Nevada’s hospitals experiencing a staffing crisis

Nevada’s rural region, which includes Banner Churchill Community Hospital. is experiencing a crisis in staffing.

Nevada’s rural region, which includes Banner Churchill Community Hospital. is experiencing a crisis in staffing.

The Nevada Hospital Association reported last week that many of the state’s hospitals in Clark County and the rural region are experiencing a crisis in staffing.
As a result of the updated status, facilities in Southern Nevada and the rural regions have requested assistance from the state.
“Nevada is experiencing an abrupt increase in COVID-19 hospitalizations, predominantly in the southern region following the holidays,” the NHA stated in its Jan. 5 report. “People are flocking to hospital emergency departments seeking COVID-19 testing, compounding the staffing problem.”
The rural hospitals are also in a watch status for percentage of patients in the hospital for the coronavirus, patients in the intensive care units for COVID, hospital occupancy rates (all-hazard) and ICU occupancy rates (all-hazard).
The COVID-19 hospitalization status for the rural hospitals, however, continues to be low. The NHA announced Churchill County is decreasing, while Humboldt is flat and Mineral, Lander and Pershing counties show none.
The NHA said the causes of staffing shortages differ by region. Hospitals in rural Nevada continue to experience an exodus of clinical staff who are leaving these jobs for higher-paying positions.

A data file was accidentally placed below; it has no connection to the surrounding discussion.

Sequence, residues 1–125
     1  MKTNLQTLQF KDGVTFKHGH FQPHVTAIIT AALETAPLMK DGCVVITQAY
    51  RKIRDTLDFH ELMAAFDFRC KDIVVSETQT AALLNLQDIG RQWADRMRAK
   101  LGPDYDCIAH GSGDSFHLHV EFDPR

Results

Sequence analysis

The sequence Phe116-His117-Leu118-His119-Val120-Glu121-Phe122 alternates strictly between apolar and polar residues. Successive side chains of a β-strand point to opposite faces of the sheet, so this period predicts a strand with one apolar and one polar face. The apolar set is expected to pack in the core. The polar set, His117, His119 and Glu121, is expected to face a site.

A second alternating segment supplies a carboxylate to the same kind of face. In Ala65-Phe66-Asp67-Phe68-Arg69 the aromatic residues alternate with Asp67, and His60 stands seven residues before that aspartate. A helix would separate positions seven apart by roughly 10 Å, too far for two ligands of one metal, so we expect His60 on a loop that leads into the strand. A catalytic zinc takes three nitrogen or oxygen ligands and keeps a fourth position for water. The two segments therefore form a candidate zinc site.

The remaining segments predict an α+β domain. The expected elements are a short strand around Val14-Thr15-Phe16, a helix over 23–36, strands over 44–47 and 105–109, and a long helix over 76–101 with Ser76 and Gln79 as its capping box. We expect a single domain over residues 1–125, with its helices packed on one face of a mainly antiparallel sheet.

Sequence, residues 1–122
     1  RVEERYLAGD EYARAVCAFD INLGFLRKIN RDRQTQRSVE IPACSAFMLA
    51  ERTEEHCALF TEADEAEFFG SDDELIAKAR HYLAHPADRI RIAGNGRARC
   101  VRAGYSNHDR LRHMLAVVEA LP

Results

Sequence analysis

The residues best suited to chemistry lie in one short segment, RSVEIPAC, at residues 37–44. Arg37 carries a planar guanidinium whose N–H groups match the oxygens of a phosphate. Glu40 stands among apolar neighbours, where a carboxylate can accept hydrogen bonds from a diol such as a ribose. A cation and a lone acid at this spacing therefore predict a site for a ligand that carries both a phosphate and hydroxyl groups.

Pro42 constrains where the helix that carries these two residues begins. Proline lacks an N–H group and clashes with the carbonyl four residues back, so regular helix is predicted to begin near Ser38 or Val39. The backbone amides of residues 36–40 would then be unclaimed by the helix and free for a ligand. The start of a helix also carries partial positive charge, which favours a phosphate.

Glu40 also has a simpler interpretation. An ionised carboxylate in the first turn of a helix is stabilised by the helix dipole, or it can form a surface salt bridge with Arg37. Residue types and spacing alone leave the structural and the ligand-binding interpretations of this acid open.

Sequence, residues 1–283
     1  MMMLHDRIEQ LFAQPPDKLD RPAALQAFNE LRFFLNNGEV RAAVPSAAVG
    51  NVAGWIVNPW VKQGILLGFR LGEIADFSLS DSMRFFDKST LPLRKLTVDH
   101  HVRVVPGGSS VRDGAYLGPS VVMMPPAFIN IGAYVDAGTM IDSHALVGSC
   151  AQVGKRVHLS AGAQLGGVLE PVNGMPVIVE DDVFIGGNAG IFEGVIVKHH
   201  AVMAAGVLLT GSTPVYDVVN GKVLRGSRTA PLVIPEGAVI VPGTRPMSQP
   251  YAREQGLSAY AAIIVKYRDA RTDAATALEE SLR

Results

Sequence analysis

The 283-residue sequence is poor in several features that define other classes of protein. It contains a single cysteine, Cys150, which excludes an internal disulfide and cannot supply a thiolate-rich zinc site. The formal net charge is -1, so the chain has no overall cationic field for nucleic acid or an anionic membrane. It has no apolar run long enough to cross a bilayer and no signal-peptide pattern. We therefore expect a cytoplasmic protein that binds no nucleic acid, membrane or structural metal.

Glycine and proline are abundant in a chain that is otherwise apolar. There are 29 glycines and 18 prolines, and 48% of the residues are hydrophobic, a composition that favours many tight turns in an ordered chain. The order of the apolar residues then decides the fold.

“This creates a shortage at several facilities based on staff retention and recruitment, as rural hospitals do not have the resources to match the hourly rates that traveling nurses can demand,” the NHA said.
The NHA stresses the escalation in staffing to crisis level alert status does not mean that patients with critical or life-threatening injuries or illnesses will be turned away from hospitals.
“This designation indicates that hospitals are stretched thin and patients who want testing only, or who have minor or non-threatening ailments to life, limb, sight, etc., can anticipate excessive wait times, difficulty being transferred to a specific hospital, or being admitted from the emergency department, and longer drop-times for ambulances,” the NHA said. “The designation also allows hospital discretion to implement the CDC's modified work restrictions protocol.”
The NHA said it will continue to work the state’s hospitals in partnership with the state to look for timely and creative solutions to staffing challenge.


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